Saturday, March 15, 2008

Winter Morning – Final Touches

If you have not done so already, you will need to put the bark on your nearer aspen. See last week’s entry for details on how to do this.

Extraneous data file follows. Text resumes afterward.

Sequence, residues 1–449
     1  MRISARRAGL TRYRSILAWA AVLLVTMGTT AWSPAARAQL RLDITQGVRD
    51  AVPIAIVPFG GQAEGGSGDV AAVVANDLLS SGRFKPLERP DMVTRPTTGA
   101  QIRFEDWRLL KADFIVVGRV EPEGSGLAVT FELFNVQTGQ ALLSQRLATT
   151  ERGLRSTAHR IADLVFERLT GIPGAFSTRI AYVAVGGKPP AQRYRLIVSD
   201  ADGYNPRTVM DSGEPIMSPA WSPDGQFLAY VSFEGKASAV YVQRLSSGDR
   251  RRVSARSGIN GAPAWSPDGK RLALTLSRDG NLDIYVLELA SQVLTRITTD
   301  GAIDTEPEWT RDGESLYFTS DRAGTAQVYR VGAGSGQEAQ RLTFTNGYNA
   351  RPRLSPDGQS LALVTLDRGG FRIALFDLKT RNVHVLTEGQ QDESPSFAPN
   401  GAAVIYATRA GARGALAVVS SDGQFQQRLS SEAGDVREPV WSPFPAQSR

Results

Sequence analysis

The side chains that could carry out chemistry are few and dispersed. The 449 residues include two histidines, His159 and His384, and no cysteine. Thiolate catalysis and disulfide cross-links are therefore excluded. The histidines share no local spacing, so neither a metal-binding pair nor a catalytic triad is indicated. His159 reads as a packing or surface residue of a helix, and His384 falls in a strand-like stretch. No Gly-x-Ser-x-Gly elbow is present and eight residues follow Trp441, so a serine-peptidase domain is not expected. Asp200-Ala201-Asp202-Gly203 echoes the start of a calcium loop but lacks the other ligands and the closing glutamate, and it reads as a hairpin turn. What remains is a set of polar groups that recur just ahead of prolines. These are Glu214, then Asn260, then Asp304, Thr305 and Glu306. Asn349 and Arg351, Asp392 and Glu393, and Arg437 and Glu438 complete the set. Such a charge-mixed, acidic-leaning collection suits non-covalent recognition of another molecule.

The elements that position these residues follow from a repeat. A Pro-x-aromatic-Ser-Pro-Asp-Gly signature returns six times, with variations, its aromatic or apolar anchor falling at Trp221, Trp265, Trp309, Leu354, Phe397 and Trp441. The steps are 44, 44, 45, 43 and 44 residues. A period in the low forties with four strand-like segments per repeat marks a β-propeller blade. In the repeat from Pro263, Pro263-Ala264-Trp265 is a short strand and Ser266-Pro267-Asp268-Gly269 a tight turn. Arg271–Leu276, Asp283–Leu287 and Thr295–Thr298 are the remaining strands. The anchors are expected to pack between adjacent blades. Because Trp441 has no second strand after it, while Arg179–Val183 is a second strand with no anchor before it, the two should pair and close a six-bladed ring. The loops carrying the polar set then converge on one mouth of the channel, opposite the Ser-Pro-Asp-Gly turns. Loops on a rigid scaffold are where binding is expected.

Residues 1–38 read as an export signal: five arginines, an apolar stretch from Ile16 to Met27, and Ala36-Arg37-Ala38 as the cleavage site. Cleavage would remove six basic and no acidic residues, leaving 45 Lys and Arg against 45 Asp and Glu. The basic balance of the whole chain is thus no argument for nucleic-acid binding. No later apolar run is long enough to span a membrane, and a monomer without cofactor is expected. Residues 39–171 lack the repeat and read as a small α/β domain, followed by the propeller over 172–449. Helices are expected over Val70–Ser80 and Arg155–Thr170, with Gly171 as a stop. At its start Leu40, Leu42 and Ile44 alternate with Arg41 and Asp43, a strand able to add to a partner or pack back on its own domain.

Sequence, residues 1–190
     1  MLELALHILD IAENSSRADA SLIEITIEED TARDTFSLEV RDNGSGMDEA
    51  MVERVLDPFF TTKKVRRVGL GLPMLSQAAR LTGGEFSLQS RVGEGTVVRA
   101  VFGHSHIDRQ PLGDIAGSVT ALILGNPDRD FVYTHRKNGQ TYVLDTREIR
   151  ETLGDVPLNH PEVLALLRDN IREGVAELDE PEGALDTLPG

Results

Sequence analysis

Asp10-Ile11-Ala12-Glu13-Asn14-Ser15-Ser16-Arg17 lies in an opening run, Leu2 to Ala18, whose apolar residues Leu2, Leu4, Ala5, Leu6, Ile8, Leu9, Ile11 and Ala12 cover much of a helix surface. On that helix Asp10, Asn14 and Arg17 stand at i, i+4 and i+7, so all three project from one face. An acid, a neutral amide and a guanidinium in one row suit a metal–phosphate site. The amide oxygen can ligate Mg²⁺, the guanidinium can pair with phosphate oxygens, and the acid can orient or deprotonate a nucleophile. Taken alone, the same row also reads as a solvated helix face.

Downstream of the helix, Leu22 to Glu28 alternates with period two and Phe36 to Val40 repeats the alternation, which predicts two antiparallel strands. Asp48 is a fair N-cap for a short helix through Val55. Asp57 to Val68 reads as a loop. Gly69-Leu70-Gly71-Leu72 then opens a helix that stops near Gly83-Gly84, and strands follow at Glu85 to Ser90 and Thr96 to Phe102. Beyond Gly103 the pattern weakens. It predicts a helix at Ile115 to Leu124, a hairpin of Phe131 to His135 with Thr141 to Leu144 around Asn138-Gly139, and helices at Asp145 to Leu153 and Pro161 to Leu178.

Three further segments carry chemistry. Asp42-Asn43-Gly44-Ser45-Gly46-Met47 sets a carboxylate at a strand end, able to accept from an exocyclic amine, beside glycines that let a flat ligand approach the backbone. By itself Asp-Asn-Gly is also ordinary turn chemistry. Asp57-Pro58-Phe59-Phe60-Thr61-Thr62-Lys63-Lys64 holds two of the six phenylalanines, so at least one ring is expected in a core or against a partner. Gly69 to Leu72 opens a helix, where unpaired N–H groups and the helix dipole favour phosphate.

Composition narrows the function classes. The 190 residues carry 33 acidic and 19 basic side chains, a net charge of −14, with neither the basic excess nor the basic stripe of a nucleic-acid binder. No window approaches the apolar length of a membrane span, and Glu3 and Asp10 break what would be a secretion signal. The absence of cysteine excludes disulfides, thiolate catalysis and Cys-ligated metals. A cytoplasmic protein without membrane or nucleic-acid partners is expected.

To finish this project you are going to be adding a few details and adding your final highlights, so first, stand back and look at your painting. Sometimes squinting or turning it upside down will help with this process. What you are looking for are areas that could be darker such as the shadowed side of the fence or to make sure that the two sides of the fence are nearly equal in size by checking the posts that are opposite each other. That was a problem for several class members: On one side of the road the posts were the right size to appear to be tall enough to hold in livestock but the other side of the road the fence was so small it couldn’t keep out rabbits :-)You can use the handle of a brush or a ruler and hold it horizontally from the bottom of one post to the bottom of a post on the other side of the road directly across from it (this is so you know which post you are measuring) then do the same thing with the top of the post. If one side is shorter, you will need to add some height to it.